How to Compile for Intel® AVX

Intel® AVX (Intel® Advanced Vector Extensions) is a 256 bit instruction set extension to Intel® SSE (Intel® Streaming SIMD Extensions) that was first announced in 2008. Further information about Intel AVX is available at

The Intel® C/C++ and Fortran Compilers, versions 11.1 and 12.0, support the building of applications for Intel AVX. On Windows*, use the command line switch /QxAVX. On Linux*, use –xavx. The switches /QaxAVX (Windows) and –axavx (Linux) may be used to build applications that will take advantage of AVX instructions on Intel systems that support these, but will use only SSE instructions on other Intel or compatible, non-Intel systems. For example, to generate a specialized code path optimized for 2nd generation Intel® Core™ processors, and a default code path optimized for Intel processors or compatible, non-Intel processors that support at least the SSE3 instruction set, compile with /QaxAVX /arch:SSE3 (Windows) or with -axavx -msse3 (Linux).

Both C/C++ and Fortran compilers support automatic vectorization of floating-point loops using AVX instructions. The C/C++ compiler also supports AVX-based intrinsics (via the header file immintrin.h) and inline assembly. Intel AVX allows the vectorization of a wider variety of floating point loops than Intel SSE, with a greater potential performance gain due to the greater width of the SIMD registers. The vectorizer is enabled automatically by the switches listed above. To see which loops have been vectorized, use the switch /Qvec-report1 (windows) or –vec-report1 (Linux).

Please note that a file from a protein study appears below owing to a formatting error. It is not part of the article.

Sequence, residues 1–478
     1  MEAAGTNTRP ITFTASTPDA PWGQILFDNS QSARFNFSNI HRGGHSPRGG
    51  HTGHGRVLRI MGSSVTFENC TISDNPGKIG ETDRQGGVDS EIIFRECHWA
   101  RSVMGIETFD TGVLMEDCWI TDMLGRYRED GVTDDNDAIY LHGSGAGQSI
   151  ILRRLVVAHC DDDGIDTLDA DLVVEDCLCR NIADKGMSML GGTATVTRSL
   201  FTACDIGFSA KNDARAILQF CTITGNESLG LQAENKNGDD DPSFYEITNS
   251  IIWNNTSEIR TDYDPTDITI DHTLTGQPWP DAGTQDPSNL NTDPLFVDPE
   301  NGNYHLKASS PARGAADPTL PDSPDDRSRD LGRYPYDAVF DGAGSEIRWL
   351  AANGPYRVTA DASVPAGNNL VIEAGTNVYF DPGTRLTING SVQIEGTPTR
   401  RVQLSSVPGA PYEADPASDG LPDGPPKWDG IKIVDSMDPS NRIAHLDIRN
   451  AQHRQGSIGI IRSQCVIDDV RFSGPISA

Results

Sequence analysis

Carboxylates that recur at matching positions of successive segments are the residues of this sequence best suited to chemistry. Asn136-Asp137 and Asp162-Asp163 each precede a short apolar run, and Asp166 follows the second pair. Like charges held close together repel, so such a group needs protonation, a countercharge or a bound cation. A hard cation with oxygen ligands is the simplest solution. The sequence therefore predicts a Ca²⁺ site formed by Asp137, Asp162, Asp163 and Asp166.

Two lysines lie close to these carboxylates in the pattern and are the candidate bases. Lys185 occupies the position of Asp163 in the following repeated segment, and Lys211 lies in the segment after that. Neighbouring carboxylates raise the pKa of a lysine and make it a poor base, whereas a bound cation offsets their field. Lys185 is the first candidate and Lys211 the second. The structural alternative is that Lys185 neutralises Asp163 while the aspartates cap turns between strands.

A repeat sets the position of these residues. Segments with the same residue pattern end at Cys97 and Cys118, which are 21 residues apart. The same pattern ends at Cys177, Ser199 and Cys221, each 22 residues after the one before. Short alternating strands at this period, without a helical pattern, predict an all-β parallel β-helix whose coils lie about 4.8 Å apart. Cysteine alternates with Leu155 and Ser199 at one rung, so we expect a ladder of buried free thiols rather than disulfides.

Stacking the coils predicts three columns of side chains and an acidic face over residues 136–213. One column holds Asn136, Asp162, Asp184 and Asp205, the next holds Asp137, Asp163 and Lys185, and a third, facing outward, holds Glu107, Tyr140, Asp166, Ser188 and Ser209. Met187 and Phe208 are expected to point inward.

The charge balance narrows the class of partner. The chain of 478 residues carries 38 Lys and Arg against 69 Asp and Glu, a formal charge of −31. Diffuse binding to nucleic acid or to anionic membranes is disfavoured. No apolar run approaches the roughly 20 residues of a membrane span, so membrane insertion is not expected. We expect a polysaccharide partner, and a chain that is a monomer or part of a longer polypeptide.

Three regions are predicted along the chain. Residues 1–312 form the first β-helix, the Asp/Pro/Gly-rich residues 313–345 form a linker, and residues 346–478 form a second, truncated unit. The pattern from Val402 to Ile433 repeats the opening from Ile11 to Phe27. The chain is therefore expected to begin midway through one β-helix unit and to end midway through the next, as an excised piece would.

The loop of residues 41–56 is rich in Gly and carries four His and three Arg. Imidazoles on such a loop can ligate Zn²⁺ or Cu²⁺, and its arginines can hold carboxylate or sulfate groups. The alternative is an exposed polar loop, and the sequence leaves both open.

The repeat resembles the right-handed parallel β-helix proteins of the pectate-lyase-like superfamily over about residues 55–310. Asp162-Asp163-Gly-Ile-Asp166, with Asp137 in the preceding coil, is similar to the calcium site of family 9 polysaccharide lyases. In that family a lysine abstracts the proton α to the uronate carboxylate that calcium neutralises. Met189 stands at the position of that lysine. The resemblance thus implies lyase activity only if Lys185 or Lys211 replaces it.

The 2nd generation Intel® Core™ processor family supports Intel AVX. In addition, the Intel® Software Development Emulator (Intel® SDE) is available for testing programs built for Intel AVX. See
Further general information about the Intel Compilers for C/C++ and Fortran is available at . Further information about compiler support for Intel AVX may be found in the Intel C++ Compiler User and Reference Guides, for example in the section 'Intrinsics for Advanced Vector Extensions', accessible online.

The attached presentation in PDF format contains additional detail on compiling for the Intel AVX instruction set and the Intel 2nd Generation Core processor family, including a section on loop vectorization.
For more complete information about compiler optimizations, see our Optimization Notice.
PDF icon compiling-for-avx-kb.pdf1.33 MB


Martyn Corden (Intel)'s picture

Yes, that's possible, it corresponds to unrolling the loop by an extra factor of two. The compiler may sometimes do that automatically.

Please post any further questions to the Intel Compiler user forums under Intel Software Development Products at

Chaitali C.'s picture

I have one question w.r.t Intel AVX. As per the online information 8 floats can be processed in single iteration using YMM registers. My question is can we use all YMM registers in parallel in single iteration by making code changes in assembly? Ex. if YMM0 is holding 8 floats(0-7) of an input array 1 and YMM1 is holding 8 floats (0-15) of an input array 2 and YMM3 is holding result in case of vector addition, then can in same loop iteration YMM4 hold next 8 floats of input array1(8-15),YMM5 hold 8 floats of input array2(8-15) and YMM6 can hold output array(8-15).

Thanks in advance.

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